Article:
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Local Coast Guard crew saves lives following hurricane

Mark Parker



In the aftermath of Hurricane Ian, a local Coast Guard crew rescued several people from Ft. Myers to Tampa Bay. Photos courtesy of U.S. Coast Guard Air Station Clearwater, Facebook.

Overnight Wednesday, an MH-60 helicopter crew based at U.S. Coast Guard Air Station Clearwater rescued seven people in four separate incidents from southwest Florida to Gulfport.

The Clearwater station sent over 100 service members, four C-130 aircraft and five MH-60 helicopters to Palm Beach in preparation for the major hurricane. Wednesday night, a local search and rescue crew was first dispatched to Ft. Myers to save a man whose boat ran aground deep in a mangrove forest before receiving several more calls for help.

The U.S. Coast Guard Sector St. Petersburg, which works in close conjunction with Air Station Clearwater, shared a WFTS interview with Aviation Survival Technician (AST2) Jethro Hauser describing the rescues on social media.

“It was a busy night,” said Hauser. “At the moment, this is the busiest and biggest Air Station in the Coast Guard.”

Aviation Survival Technician (AST2) Jethro Hauser (center) and members of the CG6044 search and rescue crew.

The man who ran aground was about a quarter mile into a mangrove forest, explained Hauser, complicating his rescue. With trees and branches extending six to eight feet above the boat, Hauser said there was no way to hoist the man to safety.

With no visibility, the crew had to rely on voice commands to lower Hauser on a hook. He also had to withstand winds of 45 knots – or about 52 mph – and the helicopter’s rotor wash, which made communication nearly impossible.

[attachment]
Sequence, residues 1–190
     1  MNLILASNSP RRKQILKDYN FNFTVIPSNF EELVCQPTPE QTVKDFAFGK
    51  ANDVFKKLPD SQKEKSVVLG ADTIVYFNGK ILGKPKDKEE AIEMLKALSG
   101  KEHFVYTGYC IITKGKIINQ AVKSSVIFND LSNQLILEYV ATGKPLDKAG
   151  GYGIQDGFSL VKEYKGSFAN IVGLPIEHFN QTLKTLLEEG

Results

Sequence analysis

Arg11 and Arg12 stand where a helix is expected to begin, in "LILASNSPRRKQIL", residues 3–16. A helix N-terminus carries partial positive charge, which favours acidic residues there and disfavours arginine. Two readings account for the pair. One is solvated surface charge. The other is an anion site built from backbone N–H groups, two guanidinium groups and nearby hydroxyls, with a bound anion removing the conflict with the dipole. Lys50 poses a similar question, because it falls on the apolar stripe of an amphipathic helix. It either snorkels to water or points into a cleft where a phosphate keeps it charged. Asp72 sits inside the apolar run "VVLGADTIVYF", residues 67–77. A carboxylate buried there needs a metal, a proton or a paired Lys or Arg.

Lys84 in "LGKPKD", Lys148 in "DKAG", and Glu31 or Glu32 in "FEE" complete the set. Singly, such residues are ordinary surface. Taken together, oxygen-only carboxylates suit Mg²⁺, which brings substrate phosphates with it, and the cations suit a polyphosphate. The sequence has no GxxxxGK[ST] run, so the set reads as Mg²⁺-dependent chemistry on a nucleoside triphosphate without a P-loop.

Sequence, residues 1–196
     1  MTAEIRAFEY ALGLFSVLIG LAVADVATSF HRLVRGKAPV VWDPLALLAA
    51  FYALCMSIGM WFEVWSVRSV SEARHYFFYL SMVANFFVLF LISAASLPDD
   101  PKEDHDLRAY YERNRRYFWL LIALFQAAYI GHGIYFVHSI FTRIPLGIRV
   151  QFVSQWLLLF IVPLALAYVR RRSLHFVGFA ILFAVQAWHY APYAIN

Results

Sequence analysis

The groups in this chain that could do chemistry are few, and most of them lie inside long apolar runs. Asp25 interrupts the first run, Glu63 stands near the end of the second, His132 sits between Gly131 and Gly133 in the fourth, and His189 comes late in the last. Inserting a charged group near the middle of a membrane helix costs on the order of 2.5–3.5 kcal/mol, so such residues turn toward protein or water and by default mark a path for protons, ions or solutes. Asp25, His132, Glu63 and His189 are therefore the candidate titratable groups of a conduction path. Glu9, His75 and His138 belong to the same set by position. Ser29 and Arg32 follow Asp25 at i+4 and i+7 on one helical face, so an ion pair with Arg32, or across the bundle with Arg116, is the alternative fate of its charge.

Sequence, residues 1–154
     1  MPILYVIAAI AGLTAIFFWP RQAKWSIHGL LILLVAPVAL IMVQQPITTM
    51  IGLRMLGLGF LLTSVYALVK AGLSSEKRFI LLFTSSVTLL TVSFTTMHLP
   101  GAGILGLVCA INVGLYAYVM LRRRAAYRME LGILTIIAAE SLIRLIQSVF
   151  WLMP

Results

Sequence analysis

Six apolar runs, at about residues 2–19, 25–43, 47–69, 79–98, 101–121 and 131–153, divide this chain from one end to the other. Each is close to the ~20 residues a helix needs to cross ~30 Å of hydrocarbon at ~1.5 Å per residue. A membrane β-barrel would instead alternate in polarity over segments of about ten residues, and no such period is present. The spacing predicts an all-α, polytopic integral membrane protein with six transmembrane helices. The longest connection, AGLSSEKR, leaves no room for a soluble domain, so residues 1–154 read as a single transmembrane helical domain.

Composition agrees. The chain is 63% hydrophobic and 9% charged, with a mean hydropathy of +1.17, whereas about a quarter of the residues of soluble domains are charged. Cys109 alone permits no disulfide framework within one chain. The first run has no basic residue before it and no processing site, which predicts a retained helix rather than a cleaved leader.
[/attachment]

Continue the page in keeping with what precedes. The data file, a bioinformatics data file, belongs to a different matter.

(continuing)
Relying on hand signals, Hauser instructed the victim to strap on the rescue device and explain that “as you come out of the trees and the wind hits you, you start moving.”

“We trained for it, so it’s not a big deal for us,” he said. “But as for the people we’re helping, I’m sure it’s quite a fun experience.”

Immediately following that rescue, Hauser received a call for help from a much larger boat that nearly capsized.

The wind “was howling” during that rescue, explained Hauser, and the boat was on its side. This victim was older and not very mobile, he added, and the deck was slippery as half the vessel was underwater.

“So, you just have to kind of think on your feet,” he said. “Grab some rope, create a rope ladder, get down the boat and then get them into the helicopter.

“And before you know it, you’re on to the next case.”

Hauser said another boat sank off the coast of Tampa Bay, near unincorporated Cortez in Manatee County.

The crew rescued an elderly man from his overturned boat.

He expressed his surprise that the three victims withstood the winds and managed to swim to a small island. Following that rescue, and as the crew made its way to refuel, they received word that two kayakers were reported missing in Gulfport.

“They fell off their kayaks, and we had to locate them,” said Hauser. “So, yeah, busy night.”

Hauser said five of the air station’s helicopters remained in Lee County.

As one of the nation’s largest command centers, Sector St. Petersburg is responsible for an area encompassing over 400 nautical miles along Florida’s Gulf Coast. It has served the region, state and nation from its base in Bayboro Harbor for nearly 100 years.

Over 825 active and reserve duty members, 27 civilians and 1,800 auxiliary personnel call the sector home. The station oversees more than 2,600 annual rescues.

In a Thursday night social media post, the sector wrote that “Hurricane Ian tested our resiliency and found a worthy opponent.”

“These are wonderful communities along the southwestern Gulf Coast that have been hit the hardest by this historical storm,” it read. “But we aren’t giving up or giving in.”

Photo courtesy of Coast Guard Sector St. Petersburg, Facebook.

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